78,000-year-old record of Middle and Later Stone Age innovation in an East African tropical forest

Bibliographic Collection: 
Publication Type: Journal Article
Authors: Shipton, Ceri; Roberts, Patrick; Archer, Will; Armitage, Simon J.; Bita, Caesar; Blinkhorn, James; Courtney-Mustaphi, Colin; Crowther, Alison; Curtis, Richard; Errico, Francesco d’; Douka, Katerina; Faulkner, Patrick; Groucutt, Huw S.; Helm, Richard; Herries, Andy I. R.; Jembe, Severinus; Kourampas, Nikos; Lee-Thorp, Julia; Marchant, Rob; Mercader, Julio; Marti, Africa Pitarch; Prendergast, Mary E.; Rowson, Ben; Tengeza, Amini; Tibesasa, Ruth; White, Tom S.; Petraglia, Michael D.; Boivin, Nicole
Year of Publication: 2018
Journal: Nature Communications
Volume: 9
Issue: 1
Pagination: 1832
Date Published: 2018/05/09
Publication Language: eng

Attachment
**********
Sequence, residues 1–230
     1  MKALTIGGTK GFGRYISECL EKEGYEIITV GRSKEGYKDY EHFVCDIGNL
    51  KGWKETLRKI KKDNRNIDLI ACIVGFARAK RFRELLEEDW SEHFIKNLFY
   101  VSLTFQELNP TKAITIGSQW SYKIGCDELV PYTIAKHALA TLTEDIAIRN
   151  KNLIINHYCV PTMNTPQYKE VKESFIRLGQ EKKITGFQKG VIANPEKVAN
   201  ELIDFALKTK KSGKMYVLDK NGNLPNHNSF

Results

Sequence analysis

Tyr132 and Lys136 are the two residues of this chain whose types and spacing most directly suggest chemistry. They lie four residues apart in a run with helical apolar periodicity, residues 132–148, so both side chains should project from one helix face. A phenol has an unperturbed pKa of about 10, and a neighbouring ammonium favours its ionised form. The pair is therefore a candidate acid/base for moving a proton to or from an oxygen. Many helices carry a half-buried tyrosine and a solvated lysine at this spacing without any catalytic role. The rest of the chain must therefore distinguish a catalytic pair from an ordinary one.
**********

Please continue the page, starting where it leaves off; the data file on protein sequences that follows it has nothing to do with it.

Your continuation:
ISBN Number: 2041-1723

The Middle to Later Stone Age transition in Africa has been debated as a significant shift in human technological, cultural, and cognitive evolution. However, the majority of research on this transition is currently focused on southern Africa due to a lack of long-term, stratified sites across much of the African continent. Here, we report a 78,000-year-long archeological record from Panga ya Saidi, a cave in the humid coastal forest of Kenya. Following a shift in toolkits ~67,000 years ago, novel symbolic and technological behaviors assemble in a non-unilinear manner. Against a backdrop of a persistent tropical forest-grassland ecotone, localized innovations better characterize the Late Pleistocene of this part of East Africa than alternative emphases on dramatic revolutions or migrations.

DOI: https://doi.org/10.1038/s41467-018-04057-3
Short Title: Nature Communications